If there were ever a bass and accompanying player that were underrated in Rock music, they would be the Jackson Concert Bass and one Mr. Dave Ellefson. Together, these two icons of Heavy Metal have produced some of the greatest bass riffs ever to be written, beginning with the opening lines of “Peace Sells” and eclipsing with the moody rumblings of “Dawn Patrol,” from the perfect and incomparable, “Rust in Peace.” Both bass lines have inspired many a young Metal bass player to head to the bedroom to work out the licks before the next band practice, I being among them.
The comparison between Megadeth and GrinningElk is both surprising and almost uncanny. Because there were two “Daves” in the band, Mustaine called Ellefson “Junior.” Ironically, Lee calls me “Cub.” Different names, but the meaning is the same. I imagine a time early on in the band’s career when Mustaine sat Ellefson down and said, “Look, Junior. I’ma need you to take care of of the mechanics of the band so I can write these songs. You wanna get paid, don’t you?” Junior looked at Mustaine and said, “Hell yeah I wanna get paid,” and Mustaine said, “Right. I’ll take care of this and you take care of that.” 38 million records sold later, it looks like the chemistry and roles lined up just as they were meant to be.
Similarly, it was the same with GrinningElk. Early on in the company’s history, Lee and I were driving in the van late at night on some dark road in the middle of nowhere. We were talking about the guitar show we had just had just pillaged (meaning that the van was full of cool gear) and how the weekend had went. Lee looked over at me and said, “Look Cub. I’ma need you to handle the booth and take care of the mechanics of the show so I can go over that room and get some gear bought. You wanna get paid, don’t you?” I didn’t look over at him (because I was driving,) but I said, “Hell yeah I wanna get paid,” and Lee said, “Right. I’ll take care of that and you take care of this.” 19 years and thousands of guitars later, it looks like the chemistry and roles lined up just as they were meant to be.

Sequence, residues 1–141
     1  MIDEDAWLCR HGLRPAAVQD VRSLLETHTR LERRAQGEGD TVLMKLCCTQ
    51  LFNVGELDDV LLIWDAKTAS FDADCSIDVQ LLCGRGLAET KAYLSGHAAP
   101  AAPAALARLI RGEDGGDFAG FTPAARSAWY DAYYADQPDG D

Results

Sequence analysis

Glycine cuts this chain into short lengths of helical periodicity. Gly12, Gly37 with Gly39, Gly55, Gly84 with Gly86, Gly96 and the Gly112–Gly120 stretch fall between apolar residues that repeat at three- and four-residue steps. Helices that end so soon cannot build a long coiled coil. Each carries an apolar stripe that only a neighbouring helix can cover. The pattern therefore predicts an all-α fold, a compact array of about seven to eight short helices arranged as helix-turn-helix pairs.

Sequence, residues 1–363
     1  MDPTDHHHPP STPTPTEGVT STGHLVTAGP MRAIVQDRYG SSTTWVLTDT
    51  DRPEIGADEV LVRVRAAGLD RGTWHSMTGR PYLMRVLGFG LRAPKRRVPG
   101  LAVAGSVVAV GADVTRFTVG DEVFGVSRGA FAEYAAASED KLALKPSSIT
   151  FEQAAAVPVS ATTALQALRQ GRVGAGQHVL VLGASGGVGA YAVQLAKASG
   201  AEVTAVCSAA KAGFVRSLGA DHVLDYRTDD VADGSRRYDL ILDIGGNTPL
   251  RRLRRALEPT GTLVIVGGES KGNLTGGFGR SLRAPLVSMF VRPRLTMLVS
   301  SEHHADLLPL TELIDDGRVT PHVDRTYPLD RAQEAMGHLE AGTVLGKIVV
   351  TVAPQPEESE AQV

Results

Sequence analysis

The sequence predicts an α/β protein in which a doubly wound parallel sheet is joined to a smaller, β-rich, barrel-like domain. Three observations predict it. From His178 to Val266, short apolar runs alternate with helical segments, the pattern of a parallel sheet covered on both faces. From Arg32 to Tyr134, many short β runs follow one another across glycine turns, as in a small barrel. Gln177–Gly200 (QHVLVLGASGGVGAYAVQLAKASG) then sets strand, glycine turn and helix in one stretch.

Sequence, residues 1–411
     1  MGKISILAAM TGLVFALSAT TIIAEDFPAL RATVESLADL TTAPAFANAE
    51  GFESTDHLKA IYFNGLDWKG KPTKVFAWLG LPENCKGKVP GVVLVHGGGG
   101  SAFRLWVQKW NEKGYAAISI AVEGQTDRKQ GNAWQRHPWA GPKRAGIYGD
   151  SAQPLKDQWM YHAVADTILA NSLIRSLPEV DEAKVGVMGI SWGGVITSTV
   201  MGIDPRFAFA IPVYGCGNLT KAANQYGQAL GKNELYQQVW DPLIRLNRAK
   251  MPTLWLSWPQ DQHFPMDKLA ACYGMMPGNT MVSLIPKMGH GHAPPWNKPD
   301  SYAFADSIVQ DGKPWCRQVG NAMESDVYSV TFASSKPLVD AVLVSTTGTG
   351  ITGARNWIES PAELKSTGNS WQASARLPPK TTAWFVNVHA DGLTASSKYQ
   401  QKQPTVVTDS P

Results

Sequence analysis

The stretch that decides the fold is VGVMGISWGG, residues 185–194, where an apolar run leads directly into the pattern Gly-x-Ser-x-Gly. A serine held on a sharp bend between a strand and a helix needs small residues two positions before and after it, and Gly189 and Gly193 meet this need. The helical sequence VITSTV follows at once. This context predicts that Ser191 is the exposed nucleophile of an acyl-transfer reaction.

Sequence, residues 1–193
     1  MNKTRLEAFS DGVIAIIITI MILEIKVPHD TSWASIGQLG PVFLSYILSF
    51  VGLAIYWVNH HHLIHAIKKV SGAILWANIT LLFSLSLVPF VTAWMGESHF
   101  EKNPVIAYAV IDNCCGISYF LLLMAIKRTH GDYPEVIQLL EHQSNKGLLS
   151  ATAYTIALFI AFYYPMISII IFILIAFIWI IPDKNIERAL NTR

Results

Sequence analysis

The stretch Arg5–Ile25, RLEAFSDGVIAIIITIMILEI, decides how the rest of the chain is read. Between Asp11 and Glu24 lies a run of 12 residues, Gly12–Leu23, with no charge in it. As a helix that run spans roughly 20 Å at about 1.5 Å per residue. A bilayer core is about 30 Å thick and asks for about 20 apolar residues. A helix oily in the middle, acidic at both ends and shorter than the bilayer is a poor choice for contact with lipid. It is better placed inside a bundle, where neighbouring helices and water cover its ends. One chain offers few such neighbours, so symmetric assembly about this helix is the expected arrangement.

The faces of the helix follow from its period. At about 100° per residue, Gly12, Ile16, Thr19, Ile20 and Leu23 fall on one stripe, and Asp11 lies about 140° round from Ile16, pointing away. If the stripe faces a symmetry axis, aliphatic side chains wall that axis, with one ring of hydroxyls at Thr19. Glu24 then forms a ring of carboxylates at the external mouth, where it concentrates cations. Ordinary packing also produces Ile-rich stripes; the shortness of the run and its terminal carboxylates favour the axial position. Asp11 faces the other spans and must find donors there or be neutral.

I’ve had my way with a couple of Concert basses over the years and they never disappointed. They are pure and uncomplicated Rock machines that are meant to do one thing and do it well: lay down the bottom end with the aggression and attitude of a hungry Honey Badger. With this bass being in the rare “Slime Green,” it stands out from all others in both looks and tone. Consider it a sort of “time machine,” because from first glance, it immediately takes you back to those great, glory days of Metal and brings a grin to your face. A Heavy Metal grin, that is…
Very Good (Used)